Tuesday, 14 July 2015

In Search of the Large Blue Butterfly

Over the last few weekends I have been visiting the Gloucestershire nature reserve of Daneways Bank hoping to find the Large Blue Butterflies.

This butterfly became extincted in the UK in 1979 but has now been successfully re-introduced at a few sties across the UK with Daneways being one of them.

The Large Blue is one of the most enigmatic butterflies, whose remarkable life cycle involves spending most of the year within the nests of red ants, where the larvae feed on ant grubs.

The butterflies at Daneways seem to favour a couple of places so I concentrated my search over these two areas, on my first visit I could only find one butterfly but with the conditions not being that great I know that I would need to return again in a few days time.



LARGE BLUE

Next visit and the weather almost perfect I started out very hopeful, and not too long into my search a couple of butterflies flew passed me and landed a few feet away. A slow approach and you could soon see that they were Large Blues, further searching found around six to eight individuals some allowing a few photographs. So all in all a good day!.



LARGE BLUE
  




My next visit about ten days later and again I only found one butterfly so over the course of about 25 days it looked like their season was over for another year.

This reserve is a wonderful place for butterflies and during my searches for the Large Blues I recorded 16 other species.DT

SMALL COPPER


ORANGE TIP


























 




Monday, 13 July 2015

Marlborough Downs on 10th July

This was a tour on the amazing Wiltshire Downs to look for a mixture of wildlife including plants, butterflies and birds.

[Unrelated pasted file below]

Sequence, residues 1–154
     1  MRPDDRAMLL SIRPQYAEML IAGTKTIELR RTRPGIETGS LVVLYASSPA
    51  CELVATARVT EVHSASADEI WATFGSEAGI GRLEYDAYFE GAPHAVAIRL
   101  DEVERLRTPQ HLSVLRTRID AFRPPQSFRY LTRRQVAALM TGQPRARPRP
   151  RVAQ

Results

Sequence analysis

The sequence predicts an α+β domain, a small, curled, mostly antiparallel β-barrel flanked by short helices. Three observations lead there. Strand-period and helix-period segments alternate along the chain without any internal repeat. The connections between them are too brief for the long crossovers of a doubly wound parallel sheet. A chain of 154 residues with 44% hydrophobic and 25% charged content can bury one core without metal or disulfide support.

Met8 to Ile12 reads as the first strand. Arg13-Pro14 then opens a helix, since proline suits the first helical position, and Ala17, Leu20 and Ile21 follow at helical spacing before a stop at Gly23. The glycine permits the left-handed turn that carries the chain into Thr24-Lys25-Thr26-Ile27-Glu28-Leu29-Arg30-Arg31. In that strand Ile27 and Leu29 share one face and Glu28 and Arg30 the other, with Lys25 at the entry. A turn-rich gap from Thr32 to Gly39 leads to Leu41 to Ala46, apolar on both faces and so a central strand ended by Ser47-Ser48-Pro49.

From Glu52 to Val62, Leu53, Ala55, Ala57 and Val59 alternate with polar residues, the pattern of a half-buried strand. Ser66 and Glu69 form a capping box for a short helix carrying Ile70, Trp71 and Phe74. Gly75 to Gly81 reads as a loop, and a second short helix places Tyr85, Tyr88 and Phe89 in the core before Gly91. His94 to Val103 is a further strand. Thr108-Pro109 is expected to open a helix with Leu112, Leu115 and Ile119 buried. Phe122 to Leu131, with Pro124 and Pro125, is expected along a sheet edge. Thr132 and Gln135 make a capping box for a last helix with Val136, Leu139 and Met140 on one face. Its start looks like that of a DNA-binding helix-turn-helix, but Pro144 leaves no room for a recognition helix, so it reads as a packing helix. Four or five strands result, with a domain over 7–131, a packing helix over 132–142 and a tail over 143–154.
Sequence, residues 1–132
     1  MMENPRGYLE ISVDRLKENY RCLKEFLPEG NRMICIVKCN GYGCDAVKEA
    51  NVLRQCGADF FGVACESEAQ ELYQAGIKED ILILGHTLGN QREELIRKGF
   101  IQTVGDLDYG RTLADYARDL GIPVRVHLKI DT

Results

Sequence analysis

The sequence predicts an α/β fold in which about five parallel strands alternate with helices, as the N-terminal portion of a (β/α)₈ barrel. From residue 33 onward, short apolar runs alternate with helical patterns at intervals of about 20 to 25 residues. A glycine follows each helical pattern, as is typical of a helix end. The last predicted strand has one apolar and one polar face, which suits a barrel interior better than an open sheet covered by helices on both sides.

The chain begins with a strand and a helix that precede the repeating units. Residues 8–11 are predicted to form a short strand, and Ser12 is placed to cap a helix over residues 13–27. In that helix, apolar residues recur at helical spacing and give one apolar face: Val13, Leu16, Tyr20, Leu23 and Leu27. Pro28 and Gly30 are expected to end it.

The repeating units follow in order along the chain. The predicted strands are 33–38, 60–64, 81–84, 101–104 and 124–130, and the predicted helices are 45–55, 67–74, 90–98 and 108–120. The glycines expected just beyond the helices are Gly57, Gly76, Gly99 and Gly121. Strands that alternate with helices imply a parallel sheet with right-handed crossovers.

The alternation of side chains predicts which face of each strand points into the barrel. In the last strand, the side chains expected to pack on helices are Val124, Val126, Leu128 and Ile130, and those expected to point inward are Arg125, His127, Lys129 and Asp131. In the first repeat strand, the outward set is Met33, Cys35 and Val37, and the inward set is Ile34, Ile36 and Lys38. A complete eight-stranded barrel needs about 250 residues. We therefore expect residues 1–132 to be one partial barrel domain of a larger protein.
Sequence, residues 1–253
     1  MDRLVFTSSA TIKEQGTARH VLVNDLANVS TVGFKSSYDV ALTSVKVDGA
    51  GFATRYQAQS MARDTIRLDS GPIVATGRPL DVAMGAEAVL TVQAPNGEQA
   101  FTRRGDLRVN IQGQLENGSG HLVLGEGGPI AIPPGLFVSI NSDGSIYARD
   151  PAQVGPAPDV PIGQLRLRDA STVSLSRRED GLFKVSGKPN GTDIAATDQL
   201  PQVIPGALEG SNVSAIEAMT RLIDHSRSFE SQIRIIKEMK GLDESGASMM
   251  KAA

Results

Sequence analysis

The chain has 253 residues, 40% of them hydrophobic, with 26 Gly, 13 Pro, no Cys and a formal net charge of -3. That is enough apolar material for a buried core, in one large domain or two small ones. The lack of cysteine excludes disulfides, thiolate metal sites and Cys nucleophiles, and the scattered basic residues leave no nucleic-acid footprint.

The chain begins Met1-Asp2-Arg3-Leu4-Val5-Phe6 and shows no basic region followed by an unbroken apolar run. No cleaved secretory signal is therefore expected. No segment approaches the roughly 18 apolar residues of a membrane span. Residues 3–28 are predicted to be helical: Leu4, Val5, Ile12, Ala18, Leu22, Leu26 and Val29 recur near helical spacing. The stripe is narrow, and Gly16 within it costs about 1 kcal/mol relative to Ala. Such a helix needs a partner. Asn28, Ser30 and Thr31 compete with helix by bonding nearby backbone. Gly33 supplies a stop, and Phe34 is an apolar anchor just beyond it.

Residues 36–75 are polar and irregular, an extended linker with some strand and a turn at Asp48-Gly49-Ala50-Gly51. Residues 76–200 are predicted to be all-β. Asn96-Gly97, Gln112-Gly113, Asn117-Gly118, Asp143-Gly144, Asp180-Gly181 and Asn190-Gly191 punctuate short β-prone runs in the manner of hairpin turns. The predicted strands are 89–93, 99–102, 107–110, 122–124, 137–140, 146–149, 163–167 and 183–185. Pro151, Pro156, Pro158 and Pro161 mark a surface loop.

We were still in the car park when we saw the first of many butterflies for the trip, namely ringlet, marbled white, meadow brown and large skipper.

Male marbled white


As we walked away from the car park we were pleased to see a female southern hawker dragonfly; there is very little water in the area so this beauty must have been building up her strength by feeding on the rich wildlife on the downs before heading back to a water source to breed. The song of meadow pipits and skylarks surrounded us from this point until we pretty much finished our walk.

Upon reaching the first bit of downland, we found more butterflies and were able to compare small and Essex skipper as well as seeing small heath, common blue, green-veined white and small tortoiseshell. Our attention switched more to the ground to check out the plants and we were not disappointed! As we worked our way across we recorded marsh helliborine, pyramidal orchid, fragrant orchid, common-spotted orchid, common twayblade, wild thyme, yellow rattle, squinancywort, chalk milkwort and my personal favourite - round-headed rampion. Great stuff!

Marsh helliborine
   
             


                                                                                                                 
We then headed out into a piece of farmland to look for birds and in particular corn bunting. We were not disappointed as we soon found a male busily singing from a elder bush. There were also a good number of yellowhammer and whitethroat to add to the ever present skylark and meadow pipits.

Male corn bunting


All in all a very enjoyable trip with much to see! (NA)